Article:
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David Levene
John Akomfrah’s work at The Ghana Pavilion, curated by Nana Oforiatta Ayim and designed by David Adjaye, at the 58th Biennale di Venezia. Venice Biennale. Venice, Italy.

Ghana and Madagascar debut at Venice Biennale with themes of modernity and dynamism

Kwasi Gyamfi Asiedu
By Kwasi Gyamfi Asiedu

Only eight African countries—Egypt, Ghana, Côte d’Ivoire, Madagascar, Mozambique, Seychelles, South Africa and Zimbabwe—will have national pavilions at the 2019 Venice Biennale, down by one from 2017. But for Ghana and Madagascar, it will be a debut showcase for their pavilions and artists at the biennale. 

The 2019 biennale opens in Venice on Saturday, May 11 and runs to Nov. 24.

Ghana’s pavilion has been designed by Ghanaian-British architect Sir David Adjaye using soil, imported from Ghana. Adjaye is well known for designing the National Museum of African American History and Culture in Washington DC.

Curator Nana Oforiatta Ayim has brought together six artists that cross gender, generational and geographic divides. The artists includes those living and working in Ghana and those of Ghanaian ancestry in diaspora (like British- Ghanaian filmmaker John Akomfrah), especially poignant as the country marks 2019 as the Year of Return to encourage a return home of its own diaspora and the descendants of enslaved Africans around the world.

“Ghana has a cosmopolitan history. People went out to study, for work and some went for political reasons, in exile, so this idea of diaspora is very much part of what our nation is,” says Ayim.

David Levene
Lynette Yiadom-Boakye. The Ghana Pavilion, curated by Nana Oforiatta Ayim and designed by David Adjaye, at the 58th Biennale di Venezia. Venice Biennale. Venice, Italy.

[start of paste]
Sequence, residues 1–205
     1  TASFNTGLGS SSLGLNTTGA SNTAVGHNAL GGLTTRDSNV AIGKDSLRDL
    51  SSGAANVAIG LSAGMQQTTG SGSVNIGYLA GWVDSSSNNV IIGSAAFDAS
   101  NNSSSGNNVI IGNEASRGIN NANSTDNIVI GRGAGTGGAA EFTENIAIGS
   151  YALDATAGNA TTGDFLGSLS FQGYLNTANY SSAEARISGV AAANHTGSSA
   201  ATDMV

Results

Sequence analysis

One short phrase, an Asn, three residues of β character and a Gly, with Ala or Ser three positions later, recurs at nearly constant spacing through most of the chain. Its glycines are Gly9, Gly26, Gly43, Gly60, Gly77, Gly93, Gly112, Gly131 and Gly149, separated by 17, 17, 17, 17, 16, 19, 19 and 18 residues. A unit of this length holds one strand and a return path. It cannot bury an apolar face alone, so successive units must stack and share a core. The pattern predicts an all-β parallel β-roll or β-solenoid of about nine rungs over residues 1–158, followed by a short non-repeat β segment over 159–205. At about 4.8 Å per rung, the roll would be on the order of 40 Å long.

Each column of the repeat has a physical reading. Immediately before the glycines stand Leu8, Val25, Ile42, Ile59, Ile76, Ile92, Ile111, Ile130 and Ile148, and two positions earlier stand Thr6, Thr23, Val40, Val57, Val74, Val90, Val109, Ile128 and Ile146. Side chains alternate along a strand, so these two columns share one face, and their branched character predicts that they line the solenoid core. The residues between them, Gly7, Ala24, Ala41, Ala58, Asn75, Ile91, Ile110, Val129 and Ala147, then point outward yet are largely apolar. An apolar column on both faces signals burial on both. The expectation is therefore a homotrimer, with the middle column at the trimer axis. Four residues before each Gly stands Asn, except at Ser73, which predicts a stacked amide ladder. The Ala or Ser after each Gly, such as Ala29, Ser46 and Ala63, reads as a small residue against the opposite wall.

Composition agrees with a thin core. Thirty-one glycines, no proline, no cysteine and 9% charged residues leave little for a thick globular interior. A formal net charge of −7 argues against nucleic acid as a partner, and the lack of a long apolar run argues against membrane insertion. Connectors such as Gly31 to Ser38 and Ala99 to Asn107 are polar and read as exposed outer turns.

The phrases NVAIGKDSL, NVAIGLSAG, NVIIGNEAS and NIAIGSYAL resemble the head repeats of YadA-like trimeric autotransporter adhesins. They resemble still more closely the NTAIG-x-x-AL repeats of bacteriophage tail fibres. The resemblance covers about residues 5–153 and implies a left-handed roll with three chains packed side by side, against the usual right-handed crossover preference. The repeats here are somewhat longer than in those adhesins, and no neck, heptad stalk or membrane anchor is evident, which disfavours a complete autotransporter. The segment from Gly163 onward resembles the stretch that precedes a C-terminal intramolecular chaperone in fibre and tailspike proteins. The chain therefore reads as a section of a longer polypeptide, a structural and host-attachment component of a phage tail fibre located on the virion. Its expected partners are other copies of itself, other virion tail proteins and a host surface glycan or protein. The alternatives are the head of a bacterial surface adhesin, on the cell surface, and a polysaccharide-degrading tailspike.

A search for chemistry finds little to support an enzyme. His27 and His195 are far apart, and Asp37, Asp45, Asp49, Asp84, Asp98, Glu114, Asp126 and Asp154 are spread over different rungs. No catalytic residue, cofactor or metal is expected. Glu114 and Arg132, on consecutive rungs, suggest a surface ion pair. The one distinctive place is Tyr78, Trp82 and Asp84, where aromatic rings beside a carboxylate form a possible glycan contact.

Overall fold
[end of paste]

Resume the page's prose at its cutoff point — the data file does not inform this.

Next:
David Levene
El Anatsui art at The Ghana Pavilion

Madagascar’s pavilion will feature work from only Joël Andrianomearisoa, a mixed-media artist, under the themed “I have forgotten the night.”

Curators Rina Ralay Ranaivo and Emmanuel Daydé hope its participation [pdf p.3] will project a more positive image of the island nation to the world.

“It is a sign of dynamism and modernity for the Malagasy nation. It reflects a positive image of the country at national and international levels, despite the all too frequent pre-dominance of either exotic or miserable images associated with it,” they say in the press statement.”It is a message of hope and willingness to put the creative forces  of Madagascar in the mainstream of the world.”

But the world famous contemporary art fair has struggled to attract black and African artists to its event despite recent global interest in African art. In Africa, only Egypt and South Africa have a permanent space at the biennale.

An attempt to redress the historical absence of African artists at the biennale led to the creation of an African Pavillion in 2007 which ultimately received widespread criticism for bundling up an entire continent into a monolith.

The Kenya Pavilion has on two consecutive occasions (2013 and 2015) been made up of majority Chinese artists, drawing condemnation from the Kenyan government. After a strong first pavillion showing in 2017, Nigeria will not return to this year. Its previous unsuccessful attempt in 2015 at being at Venice was blamed on ‘election year’ uncertainties affecting funding.

African artists’ inability to fund participation in fairs outside the continent, has given rise to homegrown art fairs and cultural institutions seeking to fill the void; bringing the international art world closer to home.

They include the Dakar Biennale (Dak’art) in Senegal which was started in the 1992, Art X in Lagos, the Lagos Biennale and the Zeitz Museum of Contemporary Art Africa in Cape Town which opened in 2017.

Read next: The giant legacy of Okwui Enwezor—the art curator who shared Africa with the world

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